Be authentic in the message. You must speak from the heart, truth, and from your own personal experiences. EXTREMELY IMPORTANT!

Create a tagline that sells. This is your message. In six words or less what do you do and how will it help others.

Tips for Outsourcing Your Online Social Networking

August 16, 2008
Getting plugged in

Getting plugged in

Time is best spent in front of clients or prospects that will say yes to your product or service. Anything else is optional. Online social networking can be a proactive way to convert prospects into clients but will require attention to detail and the right approach, just like meeting someone for the first time in a live environment. Prospecting online can be done by a lead manager, virtual assistant, or part time staff as long as the rules are set forth in the beginning how to handle interaction. Tim Ferriss, author of the Four Hour Work Week, told me that he was able to go on 5 dates in the same day by outsourcing his dating online. He set up his virtual assistant to describe the ideal soulmate he was looking for and how to eliminate the rest. Although this method was somewhat Misogynistic it still worked and worked well.

Building the Profile. The virtual assistant should do this. Give them the template that you have personally created and let them take the time to upload your contact information that matches the fields in each profile. Each online profile may have different fields so be clear on dictating what goes where. Create the username that is the same and a password that is similar to each one. Since each profile will require a unique password make sure the VA tells you what the password is. You may want to create a separate email address for the sake of online social networking so your main email is not filled with unsolicited SPAM. Make sure the VA emails you a link with all the profiles created in a Microsoft Word Document for future web, blog, or email marketing purposes.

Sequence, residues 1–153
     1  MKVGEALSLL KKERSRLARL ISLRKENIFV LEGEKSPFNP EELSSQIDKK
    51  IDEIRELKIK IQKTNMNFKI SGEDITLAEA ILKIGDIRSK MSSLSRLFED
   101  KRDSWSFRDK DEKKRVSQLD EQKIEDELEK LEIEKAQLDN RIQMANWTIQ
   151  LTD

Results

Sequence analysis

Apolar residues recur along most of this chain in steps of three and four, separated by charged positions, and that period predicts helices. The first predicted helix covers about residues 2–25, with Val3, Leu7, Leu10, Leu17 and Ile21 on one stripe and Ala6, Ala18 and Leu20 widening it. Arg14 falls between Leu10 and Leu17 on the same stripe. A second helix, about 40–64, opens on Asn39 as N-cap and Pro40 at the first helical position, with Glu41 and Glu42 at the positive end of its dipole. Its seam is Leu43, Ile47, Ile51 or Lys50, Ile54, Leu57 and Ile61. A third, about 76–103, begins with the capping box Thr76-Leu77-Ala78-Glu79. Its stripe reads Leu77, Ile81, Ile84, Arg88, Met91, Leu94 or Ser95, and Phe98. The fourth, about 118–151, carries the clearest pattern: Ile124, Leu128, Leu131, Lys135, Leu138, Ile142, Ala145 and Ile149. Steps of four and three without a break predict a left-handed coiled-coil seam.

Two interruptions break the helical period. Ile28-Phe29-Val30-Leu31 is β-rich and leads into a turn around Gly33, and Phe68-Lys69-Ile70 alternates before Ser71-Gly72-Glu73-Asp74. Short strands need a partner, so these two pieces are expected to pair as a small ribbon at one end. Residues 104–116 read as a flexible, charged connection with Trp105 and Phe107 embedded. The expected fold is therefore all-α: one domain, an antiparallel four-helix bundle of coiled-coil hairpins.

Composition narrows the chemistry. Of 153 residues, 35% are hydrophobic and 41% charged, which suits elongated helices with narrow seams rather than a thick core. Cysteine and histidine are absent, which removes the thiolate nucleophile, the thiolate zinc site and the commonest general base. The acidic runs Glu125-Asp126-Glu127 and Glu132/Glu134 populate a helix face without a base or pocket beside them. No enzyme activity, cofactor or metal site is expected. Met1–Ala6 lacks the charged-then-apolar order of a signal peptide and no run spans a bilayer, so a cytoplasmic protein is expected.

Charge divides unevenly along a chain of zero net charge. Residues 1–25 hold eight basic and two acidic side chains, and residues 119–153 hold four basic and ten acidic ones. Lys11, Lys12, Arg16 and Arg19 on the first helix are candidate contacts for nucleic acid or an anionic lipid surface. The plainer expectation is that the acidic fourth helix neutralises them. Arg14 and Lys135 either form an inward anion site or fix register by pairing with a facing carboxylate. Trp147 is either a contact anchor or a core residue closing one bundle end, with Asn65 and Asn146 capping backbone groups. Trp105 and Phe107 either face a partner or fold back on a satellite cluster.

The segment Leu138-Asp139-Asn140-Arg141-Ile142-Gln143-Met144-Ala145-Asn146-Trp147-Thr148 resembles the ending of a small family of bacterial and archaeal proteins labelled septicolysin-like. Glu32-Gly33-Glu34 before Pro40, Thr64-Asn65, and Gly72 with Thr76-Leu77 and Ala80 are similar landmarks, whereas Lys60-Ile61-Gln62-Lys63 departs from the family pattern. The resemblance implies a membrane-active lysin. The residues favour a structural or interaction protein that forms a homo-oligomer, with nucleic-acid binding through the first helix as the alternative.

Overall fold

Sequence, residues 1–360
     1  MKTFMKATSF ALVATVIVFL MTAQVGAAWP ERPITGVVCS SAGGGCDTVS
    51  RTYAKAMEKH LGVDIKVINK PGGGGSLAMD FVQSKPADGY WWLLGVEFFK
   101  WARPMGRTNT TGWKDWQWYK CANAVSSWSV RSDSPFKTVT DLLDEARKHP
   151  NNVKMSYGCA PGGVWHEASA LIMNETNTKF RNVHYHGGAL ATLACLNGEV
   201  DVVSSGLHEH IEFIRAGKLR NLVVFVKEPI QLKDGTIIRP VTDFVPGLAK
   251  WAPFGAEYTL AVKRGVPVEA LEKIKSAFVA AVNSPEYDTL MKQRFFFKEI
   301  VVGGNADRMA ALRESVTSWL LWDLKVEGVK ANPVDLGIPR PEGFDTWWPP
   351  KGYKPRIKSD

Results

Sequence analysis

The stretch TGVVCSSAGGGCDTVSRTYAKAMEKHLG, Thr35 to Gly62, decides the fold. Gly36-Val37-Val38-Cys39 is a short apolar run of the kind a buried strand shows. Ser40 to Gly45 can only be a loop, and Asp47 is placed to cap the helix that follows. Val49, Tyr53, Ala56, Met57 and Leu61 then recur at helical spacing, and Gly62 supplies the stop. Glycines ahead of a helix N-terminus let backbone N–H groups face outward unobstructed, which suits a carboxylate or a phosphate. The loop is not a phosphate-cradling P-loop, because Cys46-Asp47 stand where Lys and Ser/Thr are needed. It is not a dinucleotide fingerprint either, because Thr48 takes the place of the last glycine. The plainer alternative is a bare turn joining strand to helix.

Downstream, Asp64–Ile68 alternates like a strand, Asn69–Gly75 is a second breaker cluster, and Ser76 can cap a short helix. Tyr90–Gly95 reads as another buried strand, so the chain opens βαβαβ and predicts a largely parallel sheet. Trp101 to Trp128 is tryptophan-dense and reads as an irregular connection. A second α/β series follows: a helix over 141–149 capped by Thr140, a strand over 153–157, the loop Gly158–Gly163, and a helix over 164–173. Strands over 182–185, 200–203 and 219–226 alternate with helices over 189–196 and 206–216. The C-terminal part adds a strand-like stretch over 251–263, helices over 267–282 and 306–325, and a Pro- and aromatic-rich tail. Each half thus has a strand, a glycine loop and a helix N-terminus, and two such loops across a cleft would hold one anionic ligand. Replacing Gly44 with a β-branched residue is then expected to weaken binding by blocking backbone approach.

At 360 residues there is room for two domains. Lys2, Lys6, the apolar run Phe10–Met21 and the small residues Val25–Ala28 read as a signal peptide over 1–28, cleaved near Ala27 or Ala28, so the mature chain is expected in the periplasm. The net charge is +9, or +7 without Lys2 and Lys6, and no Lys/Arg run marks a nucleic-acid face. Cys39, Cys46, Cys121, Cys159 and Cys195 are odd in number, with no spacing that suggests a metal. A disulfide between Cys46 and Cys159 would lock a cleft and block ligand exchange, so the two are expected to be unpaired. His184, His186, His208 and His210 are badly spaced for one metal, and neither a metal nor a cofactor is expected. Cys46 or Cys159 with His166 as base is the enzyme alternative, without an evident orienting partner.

Who is your perfect contact? If you are trying to build a network you should look for people that you will want to do business with and skip over everyone else. Are you looking for people of influence or just want to add anyone to your list. The more specific you are on who you want to add as a connection the easier it will be for your virtual assistant (VA) to handle and the more accurate your database will be to keep in contact. Search for people by job title, company, network, group, and key words. This alone will increase your sales by 10% for a minimum wage employee to operate.

Only respond to serious inquiries. The messages you will receive will be “Add me as a friend, join my network, connect with me on___”. Since this is a two way street people will be asking you to join their network. Be sure to have your virtual assistant (VA) examine the profiles of these people carefully. Treat adding people as if you were contacting them to join your network. If they do not match the creIf they have 2,000 connections they could be on a frenzy to just add people to their list to SPAM. Make this rule clear to your VA so that you do carefully select people you want to do business with to join your network.

Personal messages. Personal messages may or may not be outsourced. This is a judgment call. VAs will not know your personal life so it may be difficult for a VA to respond. If it looks like SPAM it is probably SPAM. If the message is not personalized, it is probably SPAM. Any messages sent out to your contacts to join networks or become friends should always include a personal message. This will increase the success rate tremendously. Create a template for invitations and messages that match the type of person, group, or purpose of communication.